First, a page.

(April 13, 2022) On Friday, a federal judge appointed by President Trump ruled that federal immigration law preempts Texas’ in-state tuition statute and bars Texas colleges from charging out-of-state tuition to out-of-state U.S. citizens. In the case, Young Conservatives of Texas vs. University of North Texas, the court sided with the plaintiffs, represented by the Texas Public Policy Foundation, in finding that all U.S. citizens, regardless of their connections to Texas, must be eligible for Texas’ in-state tuition rate at UNT.

Under longstanding Texas law, out-of-state U.S. citizens must only live in Texas one year for in-state tuition eligibility. On the other hand, Texas Dreamers – many of whom have lived here most of their lives and whose parents pay taxes in Texas – must meet a much higher bar.  To qualify for in-state tuition rates, Texas Dreamers must have graduated from local high schools, lived in the state for at least three years including the year before enrolling in college, and sign an affidavit vowing to become a permanent resident as soon as they are eligible to do so.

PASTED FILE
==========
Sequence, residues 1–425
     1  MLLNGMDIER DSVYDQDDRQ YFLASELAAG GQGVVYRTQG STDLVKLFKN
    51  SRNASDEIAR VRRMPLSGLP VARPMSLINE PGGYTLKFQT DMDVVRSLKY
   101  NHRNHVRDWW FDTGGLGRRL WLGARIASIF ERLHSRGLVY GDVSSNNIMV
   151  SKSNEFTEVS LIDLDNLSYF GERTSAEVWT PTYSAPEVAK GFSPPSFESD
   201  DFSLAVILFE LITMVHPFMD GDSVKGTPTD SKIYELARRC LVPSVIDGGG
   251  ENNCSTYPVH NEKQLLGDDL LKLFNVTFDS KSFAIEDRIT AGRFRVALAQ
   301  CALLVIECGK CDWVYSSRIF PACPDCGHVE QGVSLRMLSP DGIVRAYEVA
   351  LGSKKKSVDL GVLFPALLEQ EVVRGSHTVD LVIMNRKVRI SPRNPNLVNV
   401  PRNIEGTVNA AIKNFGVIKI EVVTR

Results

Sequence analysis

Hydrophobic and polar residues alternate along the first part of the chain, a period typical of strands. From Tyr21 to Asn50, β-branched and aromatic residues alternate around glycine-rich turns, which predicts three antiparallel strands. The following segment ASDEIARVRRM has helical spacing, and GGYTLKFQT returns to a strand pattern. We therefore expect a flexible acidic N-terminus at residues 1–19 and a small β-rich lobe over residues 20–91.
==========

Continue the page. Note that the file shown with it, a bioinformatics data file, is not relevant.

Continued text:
Although the order does not eliminate access to in-state tuition for Dreamers, the injunction eliminates out-of-state tuition for non-resident citizens at UNT as long as the Texas Dream Act (which provides a path for Dreamers to become eligible for in-state tuition) is in effect. The order could pressure UNT to discontinue providing in-state tuition eligibility for Dreamers, undermining the Texas Dream Act and raising the bar even higher that Dreamers must meet to access college compared to out-of-state citizens.

“Since Gov. Rick Perry signed the Texas Dream Act in 2001, a broad coalition of Texas business, community, university and student leaders have come together to protect it in recognition that Texas high school graduates, regardless of their immigration status, deserve an equal opportunity to go to college and that they contribute significantly to our state’s economy,” said IDRA President and CEO Celina Moreno, J.D. “Those who have tried and failed repeatedly to repeal the law in the legislature once again have turned to the courts to limit opportunities for Texas Dreamers.”

The more than 13,600 Texas Dreamers attending college in Texas already face greater barriers to higher education because they cannot access federal financial aid or many other types of aid. There is a clear need for major reforms to how we support students and ensure all are prepared and able to access higher education, regardless of their racial or ethnic background or immigration status.

“While the decision in this case is wrong on the law and ignores the facts, it highlights the need for Congress to step up and pass a law now to protect these students,” Moreno said. “In the absence of a federal Dream Act, educational opportunities for Texas Dreamers will continue to be at risk by overreaching and hyperpolitical court decisions like this one that will have a devastating impact on equity in college access and affordability for Texans.”